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Theatrical touches
INNER SPACES

Theatre actor Divya Palat and her husband Aditya Hitkari dreamt of a home where they could relax, entertain and work comfortably. So when, in 1996, they moved into their first-floor flat in an art-deco building in Mumbai’s plush Breach Candy area, they knew exactly how to transform the space into one that they had always wanted.

Instead of hiring an interior designer, they worked on it themselves. Divya says: “Since we’re always busy with our work, we wanted a lived-in feel to our home. The biggest challenge was agreeing on the décor since we have very different personalities.”

The first thing that the couple agreed on was a separate colour palette for each room. So while Divya’s office-cum-den is done in red, the bedroom is blue and white and the guest bedroom is a cheery yellow. When it comes to décor, it’s easy to see strong differences — and similarities — between them. Says Divya: “I have a soft spot for pink and Aditya hates it. But both of us love minimalist designs.”

Step into the 2,000sqft apartment and the vast expanse of the living-cum-dining room strikes you immediately. The hall is painted a pristine white with just the outside of the kit-chen wall painted in a startling burnt orange.

Since the couple loves minimalism, the hall with windows overlooking the road, is kept clutter-free with functional and comfortable furniture. The living room has comfortable sofas and a low, glass-top coffee table that can be moved around easily on castors. “Since I rehearse in the hall, I’ve kept the furniture basic. During rehearsals, I shift the table to one side of the room,” she says. The hall has a wood-tiled floor.

The couple has created a cosy corner by way of a separate lounge area at the end of the living room, near the windows. Oversized floor cushions are placed on the dark wood flooring while a large lounger completes the picture. Sheer curtains fill the room with natural light. There is also a bar inside a wooden cabinet.

At the other end of the living room is the dining space. It is slightly raised with dark teak flooring. There is a teak and glass-top dining table that has three chairs instead of the regulation six/eight. There’s also a teak bench. The wall on this side of the hall — close to the kitchen — is a burnt orange.

The dining space is slightly raised and has dark-hued teak furniture that contrasts with the flooring

Adding to the allure is a puja corner. Divya’s placed statuettes of deities on three marble columns of varying heights. She says, “I love the concept of heights. I have diyas on one column with incense sticks and deities on the other two levels.” The hanging light above the dining table is from a home decor store in Mumbai.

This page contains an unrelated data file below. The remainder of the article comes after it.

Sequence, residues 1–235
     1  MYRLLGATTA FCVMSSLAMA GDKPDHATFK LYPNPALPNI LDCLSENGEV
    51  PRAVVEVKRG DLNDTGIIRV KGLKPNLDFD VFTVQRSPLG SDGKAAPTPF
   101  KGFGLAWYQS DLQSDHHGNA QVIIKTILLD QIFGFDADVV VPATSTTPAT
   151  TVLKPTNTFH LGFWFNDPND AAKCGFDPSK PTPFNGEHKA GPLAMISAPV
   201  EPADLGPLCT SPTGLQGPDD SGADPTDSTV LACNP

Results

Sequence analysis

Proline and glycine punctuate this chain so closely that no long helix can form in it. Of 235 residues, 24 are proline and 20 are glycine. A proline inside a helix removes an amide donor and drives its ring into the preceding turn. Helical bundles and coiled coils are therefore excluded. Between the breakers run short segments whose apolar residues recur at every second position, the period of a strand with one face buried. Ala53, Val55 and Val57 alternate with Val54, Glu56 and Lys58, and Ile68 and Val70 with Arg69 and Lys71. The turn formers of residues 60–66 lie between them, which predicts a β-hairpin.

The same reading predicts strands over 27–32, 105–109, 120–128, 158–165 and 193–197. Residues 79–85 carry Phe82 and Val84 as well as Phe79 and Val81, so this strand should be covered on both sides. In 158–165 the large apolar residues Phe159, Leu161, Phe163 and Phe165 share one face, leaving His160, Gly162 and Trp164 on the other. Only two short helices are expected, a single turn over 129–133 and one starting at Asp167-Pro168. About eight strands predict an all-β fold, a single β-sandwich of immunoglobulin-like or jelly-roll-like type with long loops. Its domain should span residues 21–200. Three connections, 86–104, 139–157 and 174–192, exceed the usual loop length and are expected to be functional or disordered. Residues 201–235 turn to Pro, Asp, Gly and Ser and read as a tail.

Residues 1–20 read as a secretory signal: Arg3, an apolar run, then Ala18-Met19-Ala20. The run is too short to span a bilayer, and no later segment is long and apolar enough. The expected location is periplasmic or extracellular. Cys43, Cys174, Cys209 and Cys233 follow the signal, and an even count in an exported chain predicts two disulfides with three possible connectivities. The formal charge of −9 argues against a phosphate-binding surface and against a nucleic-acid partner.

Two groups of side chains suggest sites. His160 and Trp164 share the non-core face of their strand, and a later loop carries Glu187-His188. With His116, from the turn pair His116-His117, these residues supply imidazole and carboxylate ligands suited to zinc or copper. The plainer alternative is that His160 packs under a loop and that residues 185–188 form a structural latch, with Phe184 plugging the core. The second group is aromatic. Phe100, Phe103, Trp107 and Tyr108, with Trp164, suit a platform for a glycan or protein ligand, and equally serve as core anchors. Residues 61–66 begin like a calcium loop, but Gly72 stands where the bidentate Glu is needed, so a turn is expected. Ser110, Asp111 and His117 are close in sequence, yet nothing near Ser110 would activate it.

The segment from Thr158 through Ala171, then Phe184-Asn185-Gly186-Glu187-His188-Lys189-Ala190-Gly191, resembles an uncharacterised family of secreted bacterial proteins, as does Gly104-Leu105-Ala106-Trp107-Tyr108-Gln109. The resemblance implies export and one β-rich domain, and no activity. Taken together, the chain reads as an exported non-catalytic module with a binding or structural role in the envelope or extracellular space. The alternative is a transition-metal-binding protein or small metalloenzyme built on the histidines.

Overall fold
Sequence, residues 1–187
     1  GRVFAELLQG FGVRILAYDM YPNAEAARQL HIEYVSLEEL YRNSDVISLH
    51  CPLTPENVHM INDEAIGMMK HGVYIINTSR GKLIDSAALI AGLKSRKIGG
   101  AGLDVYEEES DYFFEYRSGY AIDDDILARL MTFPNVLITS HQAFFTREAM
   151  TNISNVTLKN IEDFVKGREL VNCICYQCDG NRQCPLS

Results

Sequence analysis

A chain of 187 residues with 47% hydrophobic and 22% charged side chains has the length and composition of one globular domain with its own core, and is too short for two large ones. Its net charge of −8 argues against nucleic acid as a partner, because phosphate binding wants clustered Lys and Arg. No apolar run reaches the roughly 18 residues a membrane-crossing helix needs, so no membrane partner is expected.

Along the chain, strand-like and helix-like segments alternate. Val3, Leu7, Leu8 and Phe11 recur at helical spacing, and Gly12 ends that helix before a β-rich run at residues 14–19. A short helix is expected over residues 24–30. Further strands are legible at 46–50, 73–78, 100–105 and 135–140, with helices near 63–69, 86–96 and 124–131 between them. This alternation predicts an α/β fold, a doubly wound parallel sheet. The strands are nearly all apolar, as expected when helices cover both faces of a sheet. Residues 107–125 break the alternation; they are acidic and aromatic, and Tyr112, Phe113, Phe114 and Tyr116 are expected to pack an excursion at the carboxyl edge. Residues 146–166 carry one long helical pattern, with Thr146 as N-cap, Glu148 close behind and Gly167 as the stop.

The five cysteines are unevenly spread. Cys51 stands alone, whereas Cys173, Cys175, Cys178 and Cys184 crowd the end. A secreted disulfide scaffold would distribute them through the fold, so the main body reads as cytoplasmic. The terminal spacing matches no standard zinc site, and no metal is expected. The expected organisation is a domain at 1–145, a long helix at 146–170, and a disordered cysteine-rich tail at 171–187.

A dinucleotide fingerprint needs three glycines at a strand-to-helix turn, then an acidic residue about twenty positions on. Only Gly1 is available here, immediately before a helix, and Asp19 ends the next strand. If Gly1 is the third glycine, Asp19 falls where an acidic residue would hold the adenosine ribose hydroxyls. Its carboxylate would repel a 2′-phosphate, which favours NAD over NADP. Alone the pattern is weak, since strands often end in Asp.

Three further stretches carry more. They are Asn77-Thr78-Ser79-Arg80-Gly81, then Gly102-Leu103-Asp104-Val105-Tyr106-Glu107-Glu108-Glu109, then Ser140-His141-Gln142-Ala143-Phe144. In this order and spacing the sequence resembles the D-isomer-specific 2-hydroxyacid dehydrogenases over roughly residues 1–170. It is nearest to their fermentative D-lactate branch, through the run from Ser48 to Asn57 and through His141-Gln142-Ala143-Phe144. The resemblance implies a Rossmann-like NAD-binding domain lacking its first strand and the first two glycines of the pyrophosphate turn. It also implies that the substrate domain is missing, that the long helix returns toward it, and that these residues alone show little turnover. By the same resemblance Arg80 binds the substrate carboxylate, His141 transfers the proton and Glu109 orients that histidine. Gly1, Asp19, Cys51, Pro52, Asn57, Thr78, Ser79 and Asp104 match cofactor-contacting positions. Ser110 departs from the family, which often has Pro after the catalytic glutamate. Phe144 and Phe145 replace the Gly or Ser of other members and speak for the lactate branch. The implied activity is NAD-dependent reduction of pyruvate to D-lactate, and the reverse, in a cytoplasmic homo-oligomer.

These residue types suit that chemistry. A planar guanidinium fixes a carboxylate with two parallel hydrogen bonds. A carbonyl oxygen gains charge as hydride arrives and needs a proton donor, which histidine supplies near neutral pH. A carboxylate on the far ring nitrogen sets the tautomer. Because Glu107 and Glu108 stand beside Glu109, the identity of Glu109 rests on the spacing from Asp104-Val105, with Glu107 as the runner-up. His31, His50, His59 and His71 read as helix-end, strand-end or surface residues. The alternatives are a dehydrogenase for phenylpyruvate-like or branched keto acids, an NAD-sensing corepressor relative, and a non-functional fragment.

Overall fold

The couple’s hangout zone is the office-cum-leisure room next to the kitchen. It is painted red and black. “I chose red because I love the colour and because it’s a very aggressive hue,” says Divya. It’s clear that Divya spends a lot of time working here as the room has a big, foldable work-table and a black work unit from Singapore. There are also three zigzag book shelves fixed to the wall that have been designed by Divya.

The walls are covered with classic Hollywood posters of films like The Godfather and Indiana Jones as well as stills from their earlier plays like The Graduate. Says Aditya: “When Divya’s not working here, it becomes a video game-cum-home theatre haven.” This room leads to a small walk-in-closet.

Aditya and Divya prefer keeping their home uncluttered and minimalistic

The most interesting aspect of the house is the long corridor that extends from the vast living room to the couple’s bedroom and guest room. Its walls are painted a bright mustard and adorned with the couple’s photographs.

Says Divya: “We always wanted our house to tell a story. So, we went with these photographs depicting the stages of our relationship and family memories.” They include several of Divya’s royal ancestors (she belongs to the Cochin royal family).

The passage leads to the master bedroom which is simple with just a master bed and a pink, cushioned (and heart-shaped) floor-bed for their cocker spaniel, Cookie. “The room’s done in white and blue because blue signifies calm and serenity,’’ says Divya.

The room is semi-circular at the end where the windows are. There are no drapes as the couple loves natural light. On the other hand, the guest bedroom’s a cheery yellow with a wrought-iron bed and a natural wood finish closet.

Family photographs line the mustard walls of the passage

The flat’s décor is accentuated by accessories like a glass vase from Germany on the dining table. The coffee-table has knick-knacks like a steel bowl from Singapore, a silver palanquin — a gift from Aditya’s sister’s wedding — and a steel banana leaf from Mangalore. There’s a stone chessboard next to the sofa and a pasta jar used as a vase. Divya says, “We want this space to be fun-filled and don’t believe in showing off artefacts. So, we’ve kept them to a minimum.”

The couple, however, maintains that their home is a ‘work in progress’. Says Aditya: “Every three years we paint our home and come up with some-thing new. At present, both of us are happy with the way it has evolved.”

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